Tories on the turn: Davis strives for policy direction

On a return to his hometown, David Davis speaks to Adam Sloan about his party’s future

Life hasn’t slowed down for David Davis, MP for Haltemprice and Howden, as might be expected after losing the battle for leadership of the Conservative party almost a year ago. Originally from York, David Davis grew up mostly in South London, later earning qualifications from Warwick University, the London Business School and Harvard University.

Prior to becoming an MP, David Davis was also a member of the Territorial Army’s SAS unit and a senior executive for Tate and Lyle, with whom he spent 17 years. Under the government of John Major, he served as a minister in the Foreign Office before becoming Party Chairman and later shadowing Deputy Prime Minister, John Prescott, whom he jokingly describes as “less of a shadow, more of an eclipse really!” David Cameron has also recently appointed him as the party’s Shadow Home Secretary.

For the first time in years, his party is enjoying a lead over Labour in the polls, but accusations of “style over substance” have been abundant. Many aren’t quite sure where they stand anymore and they have yet to commit to any firm policies.

People think of me as being right wing, but I am a libertarian.

“People think of me as being right wing, but I am actually a libertarian, and we as a party are becoming more and more libertarian.” Since losing spectacularly in the 1997 General Election, many would agree that the Conservatives have been suffering from something of an identity crisis, and last May they lost their third consecutive general election.

“The first two of those elections we were never going to win, the public wanted to give New Labour more time to prove itself. What did happen though, was that William Hague started off with a very modernising agenda and veered to the right later on, and this was unwise. It is always unwise though to shift your principles.”

Davis was quick to refute accusations that his party was “obsessed” with immigration in the run up to the General Election in 2005: “I was being interviewed for Sky News and they asked me six questions about immigration,” he said, “question seven was ‘why are you obsessed with immigration?’”

Hints of a change in direction in Conservative policy have been made since the start of the new leadership. The party has recently dropped its pledge to abandon university tuition fees.

“We are not going to reverse the Labour party policy. The funding of universities and having high quality universities is the most important thing.”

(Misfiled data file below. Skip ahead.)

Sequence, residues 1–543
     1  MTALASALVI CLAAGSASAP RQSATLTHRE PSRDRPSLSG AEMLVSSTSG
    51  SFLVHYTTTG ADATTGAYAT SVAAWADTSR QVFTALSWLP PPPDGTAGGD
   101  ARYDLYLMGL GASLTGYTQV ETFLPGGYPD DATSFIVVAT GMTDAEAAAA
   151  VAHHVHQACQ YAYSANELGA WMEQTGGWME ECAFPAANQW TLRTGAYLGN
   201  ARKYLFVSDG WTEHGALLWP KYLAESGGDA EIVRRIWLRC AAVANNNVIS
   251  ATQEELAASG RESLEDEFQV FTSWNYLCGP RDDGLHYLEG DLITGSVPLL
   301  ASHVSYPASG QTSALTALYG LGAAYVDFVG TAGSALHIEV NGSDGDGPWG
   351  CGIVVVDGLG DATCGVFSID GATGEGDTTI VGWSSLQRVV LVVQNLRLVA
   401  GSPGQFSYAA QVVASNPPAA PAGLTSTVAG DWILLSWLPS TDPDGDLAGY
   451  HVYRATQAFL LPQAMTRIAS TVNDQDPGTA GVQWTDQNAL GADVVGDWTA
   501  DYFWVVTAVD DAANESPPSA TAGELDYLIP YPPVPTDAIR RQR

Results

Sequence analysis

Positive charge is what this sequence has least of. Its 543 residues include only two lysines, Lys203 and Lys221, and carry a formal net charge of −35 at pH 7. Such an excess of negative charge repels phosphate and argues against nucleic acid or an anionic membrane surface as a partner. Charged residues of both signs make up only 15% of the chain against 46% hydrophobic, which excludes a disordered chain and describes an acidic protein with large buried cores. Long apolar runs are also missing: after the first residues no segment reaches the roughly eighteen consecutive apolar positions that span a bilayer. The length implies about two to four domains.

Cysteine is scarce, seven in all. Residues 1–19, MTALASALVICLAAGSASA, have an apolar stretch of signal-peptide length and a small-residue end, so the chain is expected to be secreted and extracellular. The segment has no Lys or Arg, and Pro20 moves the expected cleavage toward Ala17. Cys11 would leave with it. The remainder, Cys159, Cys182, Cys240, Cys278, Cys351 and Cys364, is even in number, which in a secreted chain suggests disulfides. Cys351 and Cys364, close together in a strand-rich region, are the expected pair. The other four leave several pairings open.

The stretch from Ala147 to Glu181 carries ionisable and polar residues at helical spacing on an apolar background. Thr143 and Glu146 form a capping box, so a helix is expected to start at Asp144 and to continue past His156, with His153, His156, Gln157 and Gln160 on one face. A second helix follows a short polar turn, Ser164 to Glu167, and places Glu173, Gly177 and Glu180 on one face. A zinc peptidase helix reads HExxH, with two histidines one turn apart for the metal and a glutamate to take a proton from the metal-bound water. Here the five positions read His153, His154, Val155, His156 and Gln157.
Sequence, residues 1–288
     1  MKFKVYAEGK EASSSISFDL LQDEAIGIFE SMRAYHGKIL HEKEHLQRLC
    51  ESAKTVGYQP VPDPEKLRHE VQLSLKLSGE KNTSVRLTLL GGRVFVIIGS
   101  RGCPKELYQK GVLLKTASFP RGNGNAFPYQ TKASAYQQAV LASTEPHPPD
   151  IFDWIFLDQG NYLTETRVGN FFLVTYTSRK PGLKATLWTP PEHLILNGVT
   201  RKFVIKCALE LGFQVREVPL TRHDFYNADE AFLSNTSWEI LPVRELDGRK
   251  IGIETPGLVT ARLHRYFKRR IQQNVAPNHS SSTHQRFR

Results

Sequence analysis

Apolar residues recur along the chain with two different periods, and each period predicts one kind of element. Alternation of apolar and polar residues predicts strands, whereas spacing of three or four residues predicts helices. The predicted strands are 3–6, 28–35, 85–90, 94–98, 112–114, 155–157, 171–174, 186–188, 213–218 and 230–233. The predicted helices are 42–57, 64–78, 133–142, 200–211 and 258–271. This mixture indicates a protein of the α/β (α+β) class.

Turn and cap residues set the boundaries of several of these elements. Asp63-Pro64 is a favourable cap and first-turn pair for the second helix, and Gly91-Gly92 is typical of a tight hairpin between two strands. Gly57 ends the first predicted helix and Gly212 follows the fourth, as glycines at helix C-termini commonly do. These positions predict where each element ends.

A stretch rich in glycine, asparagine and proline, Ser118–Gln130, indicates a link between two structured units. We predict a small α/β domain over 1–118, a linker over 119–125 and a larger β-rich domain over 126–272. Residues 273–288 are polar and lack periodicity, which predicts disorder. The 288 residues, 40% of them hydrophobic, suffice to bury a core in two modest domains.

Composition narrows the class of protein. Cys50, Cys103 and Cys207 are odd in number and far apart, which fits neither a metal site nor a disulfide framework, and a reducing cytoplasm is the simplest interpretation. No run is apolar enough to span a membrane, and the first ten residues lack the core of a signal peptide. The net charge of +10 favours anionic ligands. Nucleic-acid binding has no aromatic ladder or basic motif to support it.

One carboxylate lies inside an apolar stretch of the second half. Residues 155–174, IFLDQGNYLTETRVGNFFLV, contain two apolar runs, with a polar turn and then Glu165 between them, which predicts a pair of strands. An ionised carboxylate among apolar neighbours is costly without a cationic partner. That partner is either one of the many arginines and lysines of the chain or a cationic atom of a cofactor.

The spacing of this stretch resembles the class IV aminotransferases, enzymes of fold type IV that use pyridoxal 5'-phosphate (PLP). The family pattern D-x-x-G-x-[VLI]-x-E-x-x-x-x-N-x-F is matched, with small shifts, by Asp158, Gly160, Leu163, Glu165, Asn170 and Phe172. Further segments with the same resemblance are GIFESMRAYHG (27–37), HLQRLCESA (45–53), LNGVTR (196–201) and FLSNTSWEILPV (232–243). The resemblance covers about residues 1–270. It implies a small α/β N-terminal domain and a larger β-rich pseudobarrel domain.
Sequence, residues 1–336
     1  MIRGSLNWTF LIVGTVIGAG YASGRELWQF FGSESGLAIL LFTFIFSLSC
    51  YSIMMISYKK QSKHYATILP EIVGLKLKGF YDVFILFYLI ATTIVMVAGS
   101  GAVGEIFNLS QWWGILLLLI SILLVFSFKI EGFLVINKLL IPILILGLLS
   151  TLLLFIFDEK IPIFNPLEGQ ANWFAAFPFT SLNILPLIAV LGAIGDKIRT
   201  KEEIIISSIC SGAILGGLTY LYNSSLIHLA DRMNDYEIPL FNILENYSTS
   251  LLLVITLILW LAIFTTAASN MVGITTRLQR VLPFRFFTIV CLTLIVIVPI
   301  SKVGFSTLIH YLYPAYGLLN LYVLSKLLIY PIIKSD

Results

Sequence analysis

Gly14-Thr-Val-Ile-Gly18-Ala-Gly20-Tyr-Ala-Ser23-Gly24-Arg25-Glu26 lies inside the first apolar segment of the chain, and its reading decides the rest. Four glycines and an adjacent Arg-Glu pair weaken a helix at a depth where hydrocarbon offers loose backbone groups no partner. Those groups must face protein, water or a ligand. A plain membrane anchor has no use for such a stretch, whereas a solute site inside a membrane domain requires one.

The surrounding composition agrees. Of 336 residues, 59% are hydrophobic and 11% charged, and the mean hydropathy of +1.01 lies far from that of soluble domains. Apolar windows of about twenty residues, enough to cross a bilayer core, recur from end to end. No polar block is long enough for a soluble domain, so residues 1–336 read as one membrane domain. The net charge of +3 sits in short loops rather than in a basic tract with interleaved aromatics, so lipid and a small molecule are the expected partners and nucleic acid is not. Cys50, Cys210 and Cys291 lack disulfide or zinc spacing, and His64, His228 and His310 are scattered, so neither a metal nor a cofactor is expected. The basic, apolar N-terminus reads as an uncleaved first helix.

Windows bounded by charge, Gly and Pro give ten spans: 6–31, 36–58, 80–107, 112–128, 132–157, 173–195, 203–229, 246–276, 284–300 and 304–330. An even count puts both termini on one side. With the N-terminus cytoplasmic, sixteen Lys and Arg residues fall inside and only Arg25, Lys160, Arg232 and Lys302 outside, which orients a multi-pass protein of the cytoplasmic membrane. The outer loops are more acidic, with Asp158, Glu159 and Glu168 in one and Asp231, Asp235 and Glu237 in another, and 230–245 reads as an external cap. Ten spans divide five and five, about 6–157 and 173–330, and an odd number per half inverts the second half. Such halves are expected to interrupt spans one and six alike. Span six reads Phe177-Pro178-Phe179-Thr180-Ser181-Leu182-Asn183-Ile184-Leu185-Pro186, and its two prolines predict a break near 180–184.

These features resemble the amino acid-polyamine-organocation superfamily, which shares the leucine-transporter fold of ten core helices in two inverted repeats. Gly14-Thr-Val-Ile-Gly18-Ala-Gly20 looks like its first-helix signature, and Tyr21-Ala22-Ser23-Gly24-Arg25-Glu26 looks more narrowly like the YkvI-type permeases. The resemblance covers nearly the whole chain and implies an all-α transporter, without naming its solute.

Davis also made his views clear on the numbers of students now entering higher education. “I don’t believe in the 50% target [of school leavers into higher education]. I don’t think it is good for students and I don’t think it is good for the economy.”

On whether he was concerned about the possibility of students being deterred from coming to university by the prospect of higher fees, Davis said his concern was “less about deterring people, and more about the social deterring of graduates starting out their working life with huge debt hanging over them.

“But every alternative is more expensive, and this has happened because it is the only way that is affordable to the taxpayer.”

Overall, Davis put across a very positive outlook for the future of the Conservatives and more specifically his plans for being a future Home Secretary. “It is often said, ‘Oh well, this is an impossible job’ and there has even been talk in the last few months of breaking up the Home Office. This is nonsense. Of course, it has always been a difficult job, but not impossible. It has been made much more difficult in the last few years by the Labour government’s behaviour.”

Not known for his public speaking, and having admitted that it was his “crap speech” that led him to lose the Conservative leadership contest, Davis last week entertained a packed lecture theatre of 160 students on a fleeting visit here to York. Of course, there were no policy proposals, but there was plenty of rhetoric.

Many commented afterwards that he offered much in the way of problems and little in the way of solutions. Others were left with the distinct impression that the political tide was indeed turning and that the Tories’ ten-year stint in opposition will soon to be coming to an end.

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